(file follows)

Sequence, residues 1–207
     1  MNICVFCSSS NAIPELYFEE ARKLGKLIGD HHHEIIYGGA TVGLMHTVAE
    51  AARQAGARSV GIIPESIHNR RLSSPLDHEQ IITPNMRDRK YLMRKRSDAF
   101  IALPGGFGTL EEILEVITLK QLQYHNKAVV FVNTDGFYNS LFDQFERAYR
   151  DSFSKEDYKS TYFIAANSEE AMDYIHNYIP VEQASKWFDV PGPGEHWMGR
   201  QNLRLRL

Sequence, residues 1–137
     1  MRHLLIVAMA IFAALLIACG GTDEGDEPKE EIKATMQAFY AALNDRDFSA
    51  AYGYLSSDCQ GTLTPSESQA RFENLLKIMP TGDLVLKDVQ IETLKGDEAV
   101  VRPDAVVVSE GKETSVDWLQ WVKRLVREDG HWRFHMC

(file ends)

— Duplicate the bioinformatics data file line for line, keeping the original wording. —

Sequence, residues 1–207
     1  MNICVFCSSS NAIPELYFEE ARKLGKLIGD HHHEIIYGGA TVGLMHTVAE
    51  AARQAGARSV GIIPESIHNR RLSSPLDHEQ IITPNMRDRK YLMRKRSDAF
   101  IALPGGFGTL EEILEVITLK QLQYHNKAVV FVNTDGFYNS LFDQFERAYR
   151  DSFSKEDYKS TYFIAANSEE AMDYIHNYIP VEQASKWFDV PGPGEHWMGR
   201  QNLRLRL

Sequence, residues 1–137
     1  MRHLLIVAMA IFAALLIACG GTDEGDEPKE EIKATMQAFY AALNDRDFSA
    51  AYGYLSSDCQ GTLTPSESQA RFENLLKIMP TGDLVLKDVQ IETLKGDEAV
   101  VRPDAVVVSE GKETSVDWLQ WVKRLVREDG HWRFHMC